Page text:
Can a Small Island State be Food Secure? Industrial Ecology Perspective on Food Security in Jamaica
The Caribbean region is home to 40 million inhabitants, with another 35+ million arriving as tourists annually. Yet, it produces only 15% of its food requirements. Can a small island nation be food secure? This study will investigate the opportunities and barriers to localizing food production in Jamaica through an “industrial ecology” lens, a research field that systematically analyses an economy’s resource use and efficiency. Jamaica, a Small Island Developing State (SIDS) in the Caribbean, imports 80-100% of its staple food items; a precarious dependence, that has increased by 40% in the last decade, making it exceptionally vulnerable to fluctuations in the global food prices and availability (Okoli, 2016; FAO, 2016). Among the Caribbean SIDS, Jamaica’s progress towards the Sustainable Development Goal (SDG) 2, for achieving food security is faced with major challenges. Undernourishment is still significant, while the prevalence of obesity is on the rise, currently affecting 8.4% and 25% of the population respectively (Sustainable Development Report, 2019). This demonstrates the dual nature of island food security problem that demands solutions going beyond the conventional paradigms of economic development, to retrofit the linear food production system.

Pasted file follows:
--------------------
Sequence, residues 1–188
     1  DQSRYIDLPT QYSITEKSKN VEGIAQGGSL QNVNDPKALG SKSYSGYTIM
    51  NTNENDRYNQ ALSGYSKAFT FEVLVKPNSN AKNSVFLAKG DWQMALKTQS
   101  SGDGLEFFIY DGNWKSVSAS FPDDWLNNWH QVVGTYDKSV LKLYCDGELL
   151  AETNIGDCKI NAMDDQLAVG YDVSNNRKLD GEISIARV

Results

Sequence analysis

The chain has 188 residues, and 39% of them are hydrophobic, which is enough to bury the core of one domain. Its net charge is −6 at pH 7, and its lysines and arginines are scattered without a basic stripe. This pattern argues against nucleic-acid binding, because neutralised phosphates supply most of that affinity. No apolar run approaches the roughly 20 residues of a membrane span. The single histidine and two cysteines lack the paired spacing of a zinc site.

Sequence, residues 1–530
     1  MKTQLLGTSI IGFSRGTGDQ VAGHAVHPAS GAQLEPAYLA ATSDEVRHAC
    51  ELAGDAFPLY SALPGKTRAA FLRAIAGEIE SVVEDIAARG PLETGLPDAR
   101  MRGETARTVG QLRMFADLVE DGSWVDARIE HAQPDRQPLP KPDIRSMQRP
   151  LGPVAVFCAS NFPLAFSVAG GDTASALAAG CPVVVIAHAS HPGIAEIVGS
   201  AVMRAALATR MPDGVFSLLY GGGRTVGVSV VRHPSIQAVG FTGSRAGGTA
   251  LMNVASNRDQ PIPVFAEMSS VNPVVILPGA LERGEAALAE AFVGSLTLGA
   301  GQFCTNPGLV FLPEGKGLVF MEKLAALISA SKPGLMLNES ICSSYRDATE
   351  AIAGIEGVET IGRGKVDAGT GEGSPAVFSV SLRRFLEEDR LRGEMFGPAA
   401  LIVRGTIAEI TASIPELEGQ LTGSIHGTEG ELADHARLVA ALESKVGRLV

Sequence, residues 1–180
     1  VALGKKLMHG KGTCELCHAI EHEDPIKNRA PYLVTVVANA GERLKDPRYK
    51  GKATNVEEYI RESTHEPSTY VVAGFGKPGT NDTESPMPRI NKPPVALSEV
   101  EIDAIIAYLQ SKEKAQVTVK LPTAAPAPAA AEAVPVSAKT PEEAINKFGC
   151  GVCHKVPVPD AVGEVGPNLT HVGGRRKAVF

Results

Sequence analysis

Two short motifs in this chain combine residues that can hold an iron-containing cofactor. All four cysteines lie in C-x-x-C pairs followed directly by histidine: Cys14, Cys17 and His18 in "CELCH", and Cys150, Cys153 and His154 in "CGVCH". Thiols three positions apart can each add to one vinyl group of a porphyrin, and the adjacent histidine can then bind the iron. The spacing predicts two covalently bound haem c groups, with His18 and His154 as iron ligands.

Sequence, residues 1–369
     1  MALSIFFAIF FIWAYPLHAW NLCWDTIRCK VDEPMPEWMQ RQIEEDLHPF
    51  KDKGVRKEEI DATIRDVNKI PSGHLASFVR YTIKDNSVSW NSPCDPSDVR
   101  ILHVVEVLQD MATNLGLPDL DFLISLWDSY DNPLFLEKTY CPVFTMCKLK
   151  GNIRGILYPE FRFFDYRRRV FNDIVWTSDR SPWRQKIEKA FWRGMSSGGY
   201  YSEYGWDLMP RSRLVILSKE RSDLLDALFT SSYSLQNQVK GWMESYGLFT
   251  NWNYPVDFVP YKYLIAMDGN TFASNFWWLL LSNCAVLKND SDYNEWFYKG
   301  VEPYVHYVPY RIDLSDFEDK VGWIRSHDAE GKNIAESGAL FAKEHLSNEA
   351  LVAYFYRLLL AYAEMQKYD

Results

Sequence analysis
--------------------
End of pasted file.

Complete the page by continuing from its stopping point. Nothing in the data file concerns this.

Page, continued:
Sep 01, 2019